FBT and Uber
The Australian Taxation Office (ATO) issued on 27 September 2017 discussion paper TDP 2017/2 to seek consultation on its application of the fringe benefits tax (FBT) taxi travel exemption for ridesharing services. After nearly two years of review, the ATO confirmed on July 2019 that it will not extend the taxi travel exemption to ridesharing services such as Uber and Ola.
Employers should now review their expense reimbursement policies in light of the ATO’s confirmed position, as reimbursement for ridesharing travel between work and home could become a much more expensive option.
The Taxi Travel Exemption
The taxi travel exemption was introduced in 1995 to exempt some types of taxi travel from FBT. Limiting exempt travel to taxis sought to ensure that the travel was provided by an arm’s length supplier at commercial rates.
Under section 58Z of the FBT Act, any benefit arising from taxi travel by an employee is an exempt benefit if the travel is a single trip beginning or ending at the employee’s place of work. The exemption also applies where the travel is both a result of sickness or injury to the employee and the whole or a part of the journey is directly between the employee’s place of work and the employee’s place of residence or any other place necessary for the employee to go as a result of the sickness or injury.
A taxi is defined in subsection 136(1) of the FBT Act as a motor vehicle that is ‘licenced to operate as a taxi’.
Licenced to Operate as a Taxi
The ATO has interpreted the meaning of ‘licenced to operate as a taxi’ based on the taxi licencing regime that operates throughout each state and territory in Australia. While the licencing regime is currently being reviewed, ridesharing service providers are currently not considered licenced taxi operators in any state or territory.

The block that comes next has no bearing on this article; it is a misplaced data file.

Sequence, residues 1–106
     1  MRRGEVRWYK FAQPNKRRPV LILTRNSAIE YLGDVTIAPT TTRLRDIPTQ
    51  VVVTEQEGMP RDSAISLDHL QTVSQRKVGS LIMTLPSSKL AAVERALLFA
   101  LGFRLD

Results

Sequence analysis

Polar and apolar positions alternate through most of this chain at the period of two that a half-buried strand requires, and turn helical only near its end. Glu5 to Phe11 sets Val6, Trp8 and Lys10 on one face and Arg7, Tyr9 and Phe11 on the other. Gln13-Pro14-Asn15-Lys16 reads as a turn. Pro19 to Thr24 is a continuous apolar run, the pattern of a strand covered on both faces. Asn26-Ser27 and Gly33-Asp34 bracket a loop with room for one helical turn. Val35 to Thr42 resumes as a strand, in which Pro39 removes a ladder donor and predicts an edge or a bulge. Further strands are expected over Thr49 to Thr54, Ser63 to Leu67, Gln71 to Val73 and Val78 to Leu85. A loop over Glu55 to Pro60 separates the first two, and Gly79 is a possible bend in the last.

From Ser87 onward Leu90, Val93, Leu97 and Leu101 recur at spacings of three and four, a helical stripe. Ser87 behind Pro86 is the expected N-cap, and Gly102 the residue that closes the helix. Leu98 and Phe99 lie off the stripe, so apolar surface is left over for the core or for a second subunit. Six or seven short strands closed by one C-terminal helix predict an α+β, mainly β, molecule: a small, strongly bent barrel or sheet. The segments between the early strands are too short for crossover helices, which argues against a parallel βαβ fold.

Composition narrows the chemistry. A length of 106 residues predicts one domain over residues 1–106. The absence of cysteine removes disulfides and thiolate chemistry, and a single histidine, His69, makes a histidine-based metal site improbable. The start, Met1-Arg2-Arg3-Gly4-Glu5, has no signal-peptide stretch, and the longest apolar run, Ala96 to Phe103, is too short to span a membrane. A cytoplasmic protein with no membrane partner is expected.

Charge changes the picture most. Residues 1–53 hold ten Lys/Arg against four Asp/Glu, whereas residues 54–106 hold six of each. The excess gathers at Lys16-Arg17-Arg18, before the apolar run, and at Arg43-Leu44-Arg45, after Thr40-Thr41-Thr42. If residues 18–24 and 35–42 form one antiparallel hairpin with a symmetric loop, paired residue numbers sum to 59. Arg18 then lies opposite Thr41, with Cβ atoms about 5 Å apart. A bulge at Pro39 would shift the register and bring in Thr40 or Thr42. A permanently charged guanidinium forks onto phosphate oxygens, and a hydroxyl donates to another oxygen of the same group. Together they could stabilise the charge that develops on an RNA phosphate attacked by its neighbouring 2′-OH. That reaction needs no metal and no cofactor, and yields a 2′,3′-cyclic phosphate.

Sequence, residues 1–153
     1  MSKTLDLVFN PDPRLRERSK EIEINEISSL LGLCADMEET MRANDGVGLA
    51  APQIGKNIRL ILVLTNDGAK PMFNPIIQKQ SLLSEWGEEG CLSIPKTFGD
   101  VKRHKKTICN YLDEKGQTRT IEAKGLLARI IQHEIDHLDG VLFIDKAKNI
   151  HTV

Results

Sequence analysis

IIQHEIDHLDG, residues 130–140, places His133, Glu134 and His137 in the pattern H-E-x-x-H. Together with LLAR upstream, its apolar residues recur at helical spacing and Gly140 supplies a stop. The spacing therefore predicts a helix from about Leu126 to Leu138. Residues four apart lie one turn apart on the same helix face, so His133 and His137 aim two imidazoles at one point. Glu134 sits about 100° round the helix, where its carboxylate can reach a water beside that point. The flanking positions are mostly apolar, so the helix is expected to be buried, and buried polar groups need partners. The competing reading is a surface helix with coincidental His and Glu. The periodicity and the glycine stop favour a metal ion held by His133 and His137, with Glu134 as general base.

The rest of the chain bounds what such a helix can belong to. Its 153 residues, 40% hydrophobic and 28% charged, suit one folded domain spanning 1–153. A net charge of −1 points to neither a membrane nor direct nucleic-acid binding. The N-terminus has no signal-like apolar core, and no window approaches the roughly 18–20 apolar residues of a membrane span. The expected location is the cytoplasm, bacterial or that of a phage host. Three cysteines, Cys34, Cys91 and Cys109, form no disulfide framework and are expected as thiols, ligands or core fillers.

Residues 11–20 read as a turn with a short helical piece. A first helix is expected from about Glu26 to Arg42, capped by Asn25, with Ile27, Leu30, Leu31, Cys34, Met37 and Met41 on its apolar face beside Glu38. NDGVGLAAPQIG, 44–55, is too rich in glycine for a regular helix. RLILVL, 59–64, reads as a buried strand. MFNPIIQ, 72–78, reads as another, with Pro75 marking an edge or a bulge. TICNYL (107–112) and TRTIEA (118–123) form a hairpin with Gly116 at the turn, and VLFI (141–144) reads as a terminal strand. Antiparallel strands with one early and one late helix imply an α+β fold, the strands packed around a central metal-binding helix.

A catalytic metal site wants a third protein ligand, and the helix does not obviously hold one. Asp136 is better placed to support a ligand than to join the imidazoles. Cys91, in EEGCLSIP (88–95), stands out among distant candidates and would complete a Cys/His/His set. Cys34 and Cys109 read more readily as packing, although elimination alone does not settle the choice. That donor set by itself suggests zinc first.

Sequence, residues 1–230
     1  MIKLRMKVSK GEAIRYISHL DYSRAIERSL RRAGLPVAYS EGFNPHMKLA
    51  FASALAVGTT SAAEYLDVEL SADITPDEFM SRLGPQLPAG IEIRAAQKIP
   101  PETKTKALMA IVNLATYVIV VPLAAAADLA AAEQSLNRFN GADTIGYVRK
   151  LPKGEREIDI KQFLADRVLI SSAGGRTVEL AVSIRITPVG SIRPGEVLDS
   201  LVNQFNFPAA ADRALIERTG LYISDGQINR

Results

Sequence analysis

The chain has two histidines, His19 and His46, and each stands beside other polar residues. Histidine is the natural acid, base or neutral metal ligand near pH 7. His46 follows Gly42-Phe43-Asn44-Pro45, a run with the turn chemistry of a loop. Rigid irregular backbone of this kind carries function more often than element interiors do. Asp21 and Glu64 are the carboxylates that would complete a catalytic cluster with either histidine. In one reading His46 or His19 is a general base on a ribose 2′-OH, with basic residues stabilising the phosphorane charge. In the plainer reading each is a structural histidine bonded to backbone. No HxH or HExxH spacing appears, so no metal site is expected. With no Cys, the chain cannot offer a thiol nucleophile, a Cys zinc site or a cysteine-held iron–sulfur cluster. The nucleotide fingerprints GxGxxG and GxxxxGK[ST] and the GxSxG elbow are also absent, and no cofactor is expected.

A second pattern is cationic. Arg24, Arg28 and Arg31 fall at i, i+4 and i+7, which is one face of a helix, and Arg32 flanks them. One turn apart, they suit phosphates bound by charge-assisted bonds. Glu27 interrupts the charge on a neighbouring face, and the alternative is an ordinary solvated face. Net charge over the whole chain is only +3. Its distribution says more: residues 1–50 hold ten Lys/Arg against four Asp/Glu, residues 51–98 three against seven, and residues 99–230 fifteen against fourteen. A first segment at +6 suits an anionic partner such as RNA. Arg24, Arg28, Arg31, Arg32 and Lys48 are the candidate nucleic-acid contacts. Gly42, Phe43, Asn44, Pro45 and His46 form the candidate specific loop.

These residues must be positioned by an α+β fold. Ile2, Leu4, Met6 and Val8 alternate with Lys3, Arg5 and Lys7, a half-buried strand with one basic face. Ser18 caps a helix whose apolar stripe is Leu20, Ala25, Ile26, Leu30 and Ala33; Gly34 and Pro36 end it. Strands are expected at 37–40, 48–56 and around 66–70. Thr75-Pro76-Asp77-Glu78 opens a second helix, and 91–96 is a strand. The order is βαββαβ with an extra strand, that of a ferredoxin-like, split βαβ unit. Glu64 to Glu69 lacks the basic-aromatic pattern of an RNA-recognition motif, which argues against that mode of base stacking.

The ATO’s interpretation of the meaning of a ‘taxi’ seems somewhat inconsistent with the recent decision in Uber v FCT. The Federal Court in this decision considered the meaning of taxi for GST purposes as ‘a vehicle available for hire by the public and which transports passengers at his or her direction for the payment of a fare that will often, but not always, be calculated by reference to a ‘taximeter’. This definition encompassed ridesharing services. The ATO’s reasoning for adopting a different meaning of taxi for FBT purposes is that the term ‘taxi’ is not defined in the GST Act, and accordingly, the Federal Court’s interpretation is necessary for GST purposes. However, for FBT purposes, the term ‘taxi’ is defined, and therefore, a literal reading of this definition will not include ridesharing services.
Next Steps for Employers
Employers may still be eligible for the minor benefits exemption. To qualify for this exemption, the value of the benefit provided needs to be less than $300 and provided on an infrequent and irregular basis. In most cases, taxi travel reimbursed by employers will be less than $300 per trip. The employer will then need to be satisfied that the relevant employee receives this benefit on an irregular and infrequent basis. There is no clear guidance on the meaning of ‘irregular or infrequent’, however MKT considers that a benefit provided less than 1-2 times per month will satisfy this condition.
In light of the published view of the ATO that ridesharing services such as Uber will not be eligible for the FBT taxi travel exemption, employers should review their expense reimbursement policies. If employers are relying on the minor benefits exemption for ridesharing travel, the requirements to satisfy this exemption will need to be considered. Employers may find that the cost savings from the use of ridesharing services may be outweighed by the additional FBT cost.